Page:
At a time when brands have over-rotated on digital marketing -- where so many think they can use digital marketing as the hook, line and sinker to build brand and attract customers -- the real innovation is happening outside the traditional marketing funnel activity.
It’s occurring at multiple points of the customer journey, in moments that matter most to customers.
Retailer CVS has announced it will start offering home delivery of prescription drugs at most of its 9,800 U.S. retail stores. It’s a bold, but necessary, move in a world that’s not just digital, not just physical, but which combines both. CVS will let you submit or renew your prescription on a mobile device, computer, or via phone, and in one or two days your prescription will get delivered to your door, providing last-mile customer journey delight.
CVS’s approach to omnichannel customer service is a bid to beat Amazon and others to the home-delivery market for prescription drugs. But it’s more than that. It’s representative of retailers’ and brands’ work toward creating useful, delightful, and service-oriented offerings that win and retain customers and earn their loyalty.
Acquia believes so strongly that customer journey orchestration can help brands acquire, convert and grow customers that we’re focused on helping brands solve this challenge with our solution, Acquia Journey.
As CNBC said about CVS’s efforts, “Amazon has already strained retailers with its free two-day shipping and is now eyeing the prescription drug market. CVS' program will be a test of whether patients are willing to wait for their medicines in exchange for the convenience of delivery.”
To me, the answer is yes. CVS’s work shows that it’s trying to move faster than ever to differentiate with customer experience and convenience across the total customer journey - something customers have proven willing to pay for (hello, Amazon Prime).
The Best Customer Experiences Save Time, Reduce Effort
Today, new customer-oriented services save time, save money and provide useful services across the customer journey. These are gaining traction and helping brands grow and build loyalty. Before prescription delivery, CVS was early to the game with drive-through pharmacy pick-up and more recently rolled out curbside pickup for store items. CVS is exhibiting a lesson of the experience era.
CVS isn’t alone. Just this week, other brands are showing that they too have experience innovation on the brain. Two examples that jumped out at me include Marriott International and the U.S. Postal Service.
- Marriott, in a partnership with Amazon, will introduce the Alexa for Hospitality service in Marriott, Westin, St. Regis, Aloft, and other Marriott-run hotel chains. The program will see Alexa devices set up in hotel rooms to act as a voice-activated concierge. Guests can ask questions about the property, play music, order room service, and book spa services, among other things. (Acquia Labs has been innovating with conversational interfaces powered by Alexa for the past two years, including a landmark program with the State of Georgia. You can read more here.)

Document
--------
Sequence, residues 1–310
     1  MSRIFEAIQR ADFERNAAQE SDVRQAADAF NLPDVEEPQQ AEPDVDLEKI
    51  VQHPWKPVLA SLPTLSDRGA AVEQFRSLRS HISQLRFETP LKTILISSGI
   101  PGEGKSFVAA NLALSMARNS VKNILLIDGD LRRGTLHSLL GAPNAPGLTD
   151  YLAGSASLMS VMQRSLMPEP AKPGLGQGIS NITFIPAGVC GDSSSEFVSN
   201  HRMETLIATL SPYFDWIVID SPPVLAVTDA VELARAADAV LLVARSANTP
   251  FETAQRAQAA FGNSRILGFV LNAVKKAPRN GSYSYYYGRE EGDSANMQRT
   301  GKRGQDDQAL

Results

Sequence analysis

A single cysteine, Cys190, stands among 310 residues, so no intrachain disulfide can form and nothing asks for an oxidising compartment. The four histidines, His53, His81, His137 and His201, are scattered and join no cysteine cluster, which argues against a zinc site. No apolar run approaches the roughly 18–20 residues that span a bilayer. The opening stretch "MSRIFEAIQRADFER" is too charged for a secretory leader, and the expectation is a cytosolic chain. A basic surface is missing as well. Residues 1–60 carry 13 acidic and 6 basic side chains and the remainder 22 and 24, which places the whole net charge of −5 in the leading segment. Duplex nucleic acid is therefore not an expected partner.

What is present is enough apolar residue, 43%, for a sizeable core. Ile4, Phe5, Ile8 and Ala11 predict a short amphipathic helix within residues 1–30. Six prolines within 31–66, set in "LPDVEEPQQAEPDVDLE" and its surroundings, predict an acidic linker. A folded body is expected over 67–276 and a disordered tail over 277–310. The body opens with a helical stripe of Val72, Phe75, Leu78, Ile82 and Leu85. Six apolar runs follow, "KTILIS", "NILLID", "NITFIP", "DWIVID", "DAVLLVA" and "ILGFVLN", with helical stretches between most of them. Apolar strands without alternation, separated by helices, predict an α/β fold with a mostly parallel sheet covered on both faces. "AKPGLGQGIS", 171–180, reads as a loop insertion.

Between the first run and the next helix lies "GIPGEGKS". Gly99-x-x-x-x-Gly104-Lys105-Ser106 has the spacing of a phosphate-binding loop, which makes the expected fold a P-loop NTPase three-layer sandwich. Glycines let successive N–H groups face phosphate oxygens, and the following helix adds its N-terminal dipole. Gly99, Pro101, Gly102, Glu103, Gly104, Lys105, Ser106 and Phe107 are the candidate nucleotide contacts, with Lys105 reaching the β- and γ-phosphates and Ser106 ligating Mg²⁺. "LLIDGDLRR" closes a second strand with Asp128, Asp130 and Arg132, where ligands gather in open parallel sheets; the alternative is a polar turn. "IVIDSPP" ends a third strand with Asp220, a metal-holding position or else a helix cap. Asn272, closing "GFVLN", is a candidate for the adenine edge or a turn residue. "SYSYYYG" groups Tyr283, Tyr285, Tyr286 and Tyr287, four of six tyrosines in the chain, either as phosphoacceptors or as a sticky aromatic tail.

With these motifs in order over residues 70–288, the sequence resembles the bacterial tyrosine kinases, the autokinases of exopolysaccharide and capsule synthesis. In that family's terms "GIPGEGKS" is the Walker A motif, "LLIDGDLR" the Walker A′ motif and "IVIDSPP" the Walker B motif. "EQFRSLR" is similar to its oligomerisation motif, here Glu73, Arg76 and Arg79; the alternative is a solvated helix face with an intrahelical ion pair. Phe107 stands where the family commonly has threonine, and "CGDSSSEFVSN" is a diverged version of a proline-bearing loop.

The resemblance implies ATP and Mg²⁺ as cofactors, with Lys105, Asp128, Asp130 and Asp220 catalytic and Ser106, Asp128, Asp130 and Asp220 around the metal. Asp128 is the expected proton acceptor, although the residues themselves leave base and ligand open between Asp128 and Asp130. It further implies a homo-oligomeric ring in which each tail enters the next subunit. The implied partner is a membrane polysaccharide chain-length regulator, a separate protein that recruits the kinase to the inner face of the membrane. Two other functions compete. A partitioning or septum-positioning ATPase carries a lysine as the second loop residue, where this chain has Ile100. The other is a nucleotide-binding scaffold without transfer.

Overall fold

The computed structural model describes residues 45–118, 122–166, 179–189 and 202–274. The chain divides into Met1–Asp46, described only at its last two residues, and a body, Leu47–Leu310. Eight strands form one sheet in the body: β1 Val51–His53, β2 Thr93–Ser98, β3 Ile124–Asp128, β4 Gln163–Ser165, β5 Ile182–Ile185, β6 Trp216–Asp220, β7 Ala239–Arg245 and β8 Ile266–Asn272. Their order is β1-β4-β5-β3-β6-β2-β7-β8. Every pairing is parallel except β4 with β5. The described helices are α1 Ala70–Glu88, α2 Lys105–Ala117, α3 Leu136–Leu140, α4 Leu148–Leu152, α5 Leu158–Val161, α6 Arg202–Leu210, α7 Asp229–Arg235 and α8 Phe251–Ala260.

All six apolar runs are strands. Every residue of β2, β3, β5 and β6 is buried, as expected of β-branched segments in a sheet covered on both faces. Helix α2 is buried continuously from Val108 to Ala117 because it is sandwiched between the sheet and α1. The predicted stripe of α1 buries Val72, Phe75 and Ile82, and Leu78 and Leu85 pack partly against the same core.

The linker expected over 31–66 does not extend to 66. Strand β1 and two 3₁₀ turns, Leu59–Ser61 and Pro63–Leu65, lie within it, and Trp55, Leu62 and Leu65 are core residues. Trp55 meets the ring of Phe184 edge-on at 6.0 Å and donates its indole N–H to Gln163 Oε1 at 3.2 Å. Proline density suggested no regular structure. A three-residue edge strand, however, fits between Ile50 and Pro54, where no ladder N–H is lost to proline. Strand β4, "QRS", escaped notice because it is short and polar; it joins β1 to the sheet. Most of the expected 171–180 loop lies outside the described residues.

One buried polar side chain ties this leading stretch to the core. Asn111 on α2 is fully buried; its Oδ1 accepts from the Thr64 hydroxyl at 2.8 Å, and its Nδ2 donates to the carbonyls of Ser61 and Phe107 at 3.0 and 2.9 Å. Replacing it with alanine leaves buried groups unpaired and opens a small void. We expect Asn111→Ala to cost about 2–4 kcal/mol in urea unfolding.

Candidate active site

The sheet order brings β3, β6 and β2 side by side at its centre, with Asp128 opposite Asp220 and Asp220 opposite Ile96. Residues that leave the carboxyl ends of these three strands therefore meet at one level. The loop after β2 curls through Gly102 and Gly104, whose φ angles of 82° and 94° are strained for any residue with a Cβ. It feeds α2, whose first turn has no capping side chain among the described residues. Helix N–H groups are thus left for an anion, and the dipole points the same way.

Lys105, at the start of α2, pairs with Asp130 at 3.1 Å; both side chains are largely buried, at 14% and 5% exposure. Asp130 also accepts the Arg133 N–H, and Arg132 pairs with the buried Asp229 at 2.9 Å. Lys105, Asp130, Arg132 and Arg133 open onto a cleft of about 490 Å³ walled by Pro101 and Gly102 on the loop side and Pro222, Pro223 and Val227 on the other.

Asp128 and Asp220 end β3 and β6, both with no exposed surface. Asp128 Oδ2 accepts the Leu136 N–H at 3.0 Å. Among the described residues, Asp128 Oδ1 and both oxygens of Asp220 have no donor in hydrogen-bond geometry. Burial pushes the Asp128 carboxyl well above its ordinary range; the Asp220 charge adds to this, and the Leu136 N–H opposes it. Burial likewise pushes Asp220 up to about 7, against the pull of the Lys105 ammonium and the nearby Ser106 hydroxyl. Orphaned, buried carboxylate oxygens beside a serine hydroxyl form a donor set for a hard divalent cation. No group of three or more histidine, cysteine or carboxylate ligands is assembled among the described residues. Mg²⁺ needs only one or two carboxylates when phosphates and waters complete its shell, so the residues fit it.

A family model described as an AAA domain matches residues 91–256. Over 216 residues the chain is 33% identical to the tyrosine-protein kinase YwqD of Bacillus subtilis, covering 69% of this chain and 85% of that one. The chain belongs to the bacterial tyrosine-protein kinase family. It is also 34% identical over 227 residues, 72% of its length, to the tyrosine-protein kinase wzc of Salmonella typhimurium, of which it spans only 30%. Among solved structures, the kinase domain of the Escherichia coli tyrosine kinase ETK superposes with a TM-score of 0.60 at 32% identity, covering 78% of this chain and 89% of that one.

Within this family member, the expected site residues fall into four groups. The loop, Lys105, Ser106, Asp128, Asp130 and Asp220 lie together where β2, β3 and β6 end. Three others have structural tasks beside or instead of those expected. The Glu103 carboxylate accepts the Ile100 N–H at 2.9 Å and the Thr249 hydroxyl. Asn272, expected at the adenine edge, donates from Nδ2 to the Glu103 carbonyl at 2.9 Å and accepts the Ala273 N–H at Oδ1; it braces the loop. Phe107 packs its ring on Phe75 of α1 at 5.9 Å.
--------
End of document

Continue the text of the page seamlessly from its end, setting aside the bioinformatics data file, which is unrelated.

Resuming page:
- The U.S. Postal Service is launching Informed Delivery by USPS, which will send an image of postal mail pieces, as they run through USPS’s automated sorting machines, to recipients who opt in to the service. While the system won’t peek inside letters or pay your bills, postal customers will be able to view images of envelopes and packages to see what will be delivered in the next day or two. Customers will be able to track mail items and, for key pieces, provide delivery instructions, or schedule redelivery from their smartphones. (It’s an interesting service, albeit with strings attached - direct mail and digital advertising will be part of the free service, according to the USPS website.)
If you’re a chief marketing officer, chief digital officer, chief experience officer, or even a chief information officer, the question to ask is. “What digital experiences can your business create and facilitate to engage more effectively with users, provide utility service, save customers time, or make memorable moments that create loyalty and happy customers?”
As I wrote in a recent CMSWire.com piece, “Brands and marketing teams are so focused on messaging and creating a unique experience that they often forget the core foundation of any successful business transaction: solving a problem.”
I think we’ve finally, in 2018, reached an inflection point in the history of “digital” where companies and brands are starting to chase the right things more frequently. They’re using digital technology not as the end-all, be-all, but as the means to make life easier, better, more convenient for their prospects and customers.
Having spent so much treasure on digital purely for marketing and attention-grabbing efforts, smart brands will increasingly leverage digital capabilities to create valuable services that win, serve and retain customers for the long run.